“Weddings may be bigger and more elaborate in 1990, but some things never change,” the Chicago Tribune reported just shy of 33 years ago to the day of this writing. “You still have to plan early to get everything you want, and the total pricetag for the wedding will likely be more than you expected.”
They were right. Some things don’t change. That is, save for the fact that, at that time, weddings cost somewhere in the ballpark of $13,000…and that’s with “all of the trimmings.”
Fast forward to 2023: The average cost of a wedding today is closer to $29,000, according to the wedding planning platform Zola, which — thanks in part to 77% of vendors raising their prices due to inflation — is up from $28,000 in 2022. But even that is on the lower side. According to The Knot, a wedding in New York costs an average of $46,000, and closer to $51,000 in New Jersey, which is, for context, roughly the cost of a year of tuition at NYU.
Planning a wedding in this day and age is no small financial undertaking — for the couple, of course, but also for the guests who attend them.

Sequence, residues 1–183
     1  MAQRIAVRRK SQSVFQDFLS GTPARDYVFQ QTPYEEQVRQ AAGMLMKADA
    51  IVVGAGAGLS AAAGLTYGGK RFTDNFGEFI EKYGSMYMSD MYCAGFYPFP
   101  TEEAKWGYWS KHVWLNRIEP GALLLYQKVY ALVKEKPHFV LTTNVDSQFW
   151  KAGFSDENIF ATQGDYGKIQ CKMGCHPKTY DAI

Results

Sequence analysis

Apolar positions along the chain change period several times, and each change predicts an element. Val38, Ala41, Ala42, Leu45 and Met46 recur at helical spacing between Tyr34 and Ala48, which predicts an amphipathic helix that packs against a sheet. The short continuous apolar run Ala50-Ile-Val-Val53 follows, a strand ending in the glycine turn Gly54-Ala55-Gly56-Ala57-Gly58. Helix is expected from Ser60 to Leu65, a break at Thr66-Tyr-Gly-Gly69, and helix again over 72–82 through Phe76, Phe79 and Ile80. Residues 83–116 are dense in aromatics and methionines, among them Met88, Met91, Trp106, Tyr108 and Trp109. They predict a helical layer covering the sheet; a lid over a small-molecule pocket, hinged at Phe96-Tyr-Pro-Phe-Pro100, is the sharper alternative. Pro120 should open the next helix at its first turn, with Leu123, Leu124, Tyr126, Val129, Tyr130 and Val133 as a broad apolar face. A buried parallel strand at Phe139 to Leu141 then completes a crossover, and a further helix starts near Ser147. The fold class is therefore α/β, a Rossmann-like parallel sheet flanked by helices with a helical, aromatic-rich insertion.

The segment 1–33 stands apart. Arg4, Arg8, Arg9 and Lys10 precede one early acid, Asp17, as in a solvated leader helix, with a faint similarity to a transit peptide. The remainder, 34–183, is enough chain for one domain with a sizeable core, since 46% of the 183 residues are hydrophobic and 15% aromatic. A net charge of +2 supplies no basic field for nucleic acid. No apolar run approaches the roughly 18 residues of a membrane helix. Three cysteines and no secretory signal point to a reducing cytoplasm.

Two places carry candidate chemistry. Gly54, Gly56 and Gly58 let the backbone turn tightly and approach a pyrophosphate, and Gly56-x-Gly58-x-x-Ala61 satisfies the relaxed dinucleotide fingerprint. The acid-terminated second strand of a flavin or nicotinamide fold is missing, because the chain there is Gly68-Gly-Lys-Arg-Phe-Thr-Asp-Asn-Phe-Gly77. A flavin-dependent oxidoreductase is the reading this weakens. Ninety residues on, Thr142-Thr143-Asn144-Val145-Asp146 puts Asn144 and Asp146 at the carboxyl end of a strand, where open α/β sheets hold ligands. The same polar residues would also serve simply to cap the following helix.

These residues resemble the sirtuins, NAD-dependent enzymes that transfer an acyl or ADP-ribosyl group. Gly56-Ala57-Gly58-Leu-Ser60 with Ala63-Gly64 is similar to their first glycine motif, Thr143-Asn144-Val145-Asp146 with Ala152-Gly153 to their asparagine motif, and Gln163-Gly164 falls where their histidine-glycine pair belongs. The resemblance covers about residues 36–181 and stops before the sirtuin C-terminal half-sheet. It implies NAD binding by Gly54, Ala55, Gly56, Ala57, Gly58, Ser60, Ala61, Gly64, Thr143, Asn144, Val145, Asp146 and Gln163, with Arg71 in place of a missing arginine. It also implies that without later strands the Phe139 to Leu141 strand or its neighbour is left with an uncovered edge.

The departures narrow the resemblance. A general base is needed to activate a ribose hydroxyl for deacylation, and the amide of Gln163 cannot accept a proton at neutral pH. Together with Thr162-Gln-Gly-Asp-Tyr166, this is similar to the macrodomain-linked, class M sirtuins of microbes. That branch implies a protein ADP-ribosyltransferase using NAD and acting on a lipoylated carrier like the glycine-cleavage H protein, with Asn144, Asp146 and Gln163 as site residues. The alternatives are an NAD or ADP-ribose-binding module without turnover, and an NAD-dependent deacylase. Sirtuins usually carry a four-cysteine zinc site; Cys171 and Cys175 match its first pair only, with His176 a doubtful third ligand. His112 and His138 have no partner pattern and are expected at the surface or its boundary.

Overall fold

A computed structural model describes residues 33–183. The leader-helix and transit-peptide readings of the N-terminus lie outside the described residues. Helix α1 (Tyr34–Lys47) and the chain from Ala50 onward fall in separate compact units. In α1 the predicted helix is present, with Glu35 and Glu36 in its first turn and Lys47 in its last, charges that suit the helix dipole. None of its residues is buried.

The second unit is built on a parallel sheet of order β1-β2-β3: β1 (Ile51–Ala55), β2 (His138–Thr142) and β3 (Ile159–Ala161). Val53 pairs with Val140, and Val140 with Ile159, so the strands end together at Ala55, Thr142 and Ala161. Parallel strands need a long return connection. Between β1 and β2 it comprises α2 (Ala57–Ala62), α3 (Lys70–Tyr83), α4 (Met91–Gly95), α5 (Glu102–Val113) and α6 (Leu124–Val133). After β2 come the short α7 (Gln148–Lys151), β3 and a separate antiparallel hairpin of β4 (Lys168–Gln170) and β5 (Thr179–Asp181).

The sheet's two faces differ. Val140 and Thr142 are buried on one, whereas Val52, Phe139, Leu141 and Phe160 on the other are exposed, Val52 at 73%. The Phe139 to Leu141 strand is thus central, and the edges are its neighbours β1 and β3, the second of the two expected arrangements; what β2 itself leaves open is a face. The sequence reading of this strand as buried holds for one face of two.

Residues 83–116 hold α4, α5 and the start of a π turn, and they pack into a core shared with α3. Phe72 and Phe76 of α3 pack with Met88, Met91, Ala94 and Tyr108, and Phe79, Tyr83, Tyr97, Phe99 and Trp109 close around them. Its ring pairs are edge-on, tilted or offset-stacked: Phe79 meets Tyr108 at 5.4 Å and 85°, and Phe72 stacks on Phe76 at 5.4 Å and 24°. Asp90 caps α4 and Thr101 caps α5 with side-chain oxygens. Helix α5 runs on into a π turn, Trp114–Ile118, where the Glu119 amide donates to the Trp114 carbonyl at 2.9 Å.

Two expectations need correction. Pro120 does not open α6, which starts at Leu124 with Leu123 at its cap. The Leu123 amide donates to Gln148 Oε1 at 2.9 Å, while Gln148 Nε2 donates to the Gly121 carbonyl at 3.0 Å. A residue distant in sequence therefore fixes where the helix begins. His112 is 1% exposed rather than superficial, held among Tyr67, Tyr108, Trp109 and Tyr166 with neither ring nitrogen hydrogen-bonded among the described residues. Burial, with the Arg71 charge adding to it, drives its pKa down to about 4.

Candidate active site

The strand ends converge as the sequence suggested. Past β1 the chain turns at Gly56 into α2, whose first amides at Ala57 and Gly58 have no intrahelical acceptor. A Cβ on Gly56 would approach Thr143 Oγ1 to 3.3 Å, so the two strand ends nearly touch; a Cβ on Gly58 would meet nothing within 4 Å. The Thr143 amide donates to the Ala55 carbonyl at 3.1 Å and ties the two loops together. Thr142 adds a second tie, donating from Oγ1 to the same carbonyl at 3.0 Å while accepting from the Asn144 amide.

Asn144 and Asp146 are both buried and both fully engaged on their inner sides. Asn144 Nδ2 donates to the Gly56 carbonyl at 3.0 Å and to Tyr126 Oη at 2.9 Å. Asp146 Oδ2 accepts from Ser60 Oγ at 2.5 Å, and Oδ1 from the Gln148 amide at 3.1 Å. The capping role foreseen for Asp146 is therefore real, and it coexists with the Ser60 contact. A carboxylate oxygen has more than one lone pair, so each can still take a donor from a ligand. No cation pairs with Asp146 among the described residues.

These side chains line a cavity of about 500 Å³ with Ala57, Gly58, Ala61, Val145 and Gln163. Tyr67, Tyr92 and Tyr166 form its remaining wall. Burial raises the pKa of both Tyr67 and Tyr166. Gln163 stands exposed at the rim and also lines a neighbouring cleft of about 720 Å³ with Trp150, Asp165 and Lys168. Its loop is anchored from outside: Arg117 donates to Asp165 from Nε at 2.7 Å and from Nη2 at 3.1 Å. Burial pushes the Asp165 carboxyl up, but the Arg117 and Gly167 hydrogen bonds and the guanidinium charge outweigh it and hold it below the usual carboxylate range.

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In fact, according to a recent Bankrate survey, roughly 62% of this year’s wedding attendees have at least one financial concern and 21% believe that wedding attendance costs will strain their budgets. Perhaps that’s because — between travel and accommodations, gifts, and attire and grooming — it will cost the average wedding guest an average of $611 per wedding this year, while Northeasterners will spend closer to $774 on wedding guest expenses.
Further, younger generations are getting hit hardest of all, with 38% of Millennials and 37% of Gen Zers planning to attend at least one wedding this year, and 23% of Gen Zers and 22% of Millennials slated to attend more than one.
“People talk a lot about how expensive it is to organize a wedding — and it is — but sometimes the cost of attending is understated,” says Ted Rossman, senior industry analyst at Bankrate. “It can really add up, especially if you’re invited to multiple weddings in a given year.”
As a Millennial who falls into the latter category (I’m pulling up on wedding number five in as many months) and who lives in New Jersey, I am here to tell you…it most definitely can really add up. The best I advice I can give is to start saving. Like, yesterday.
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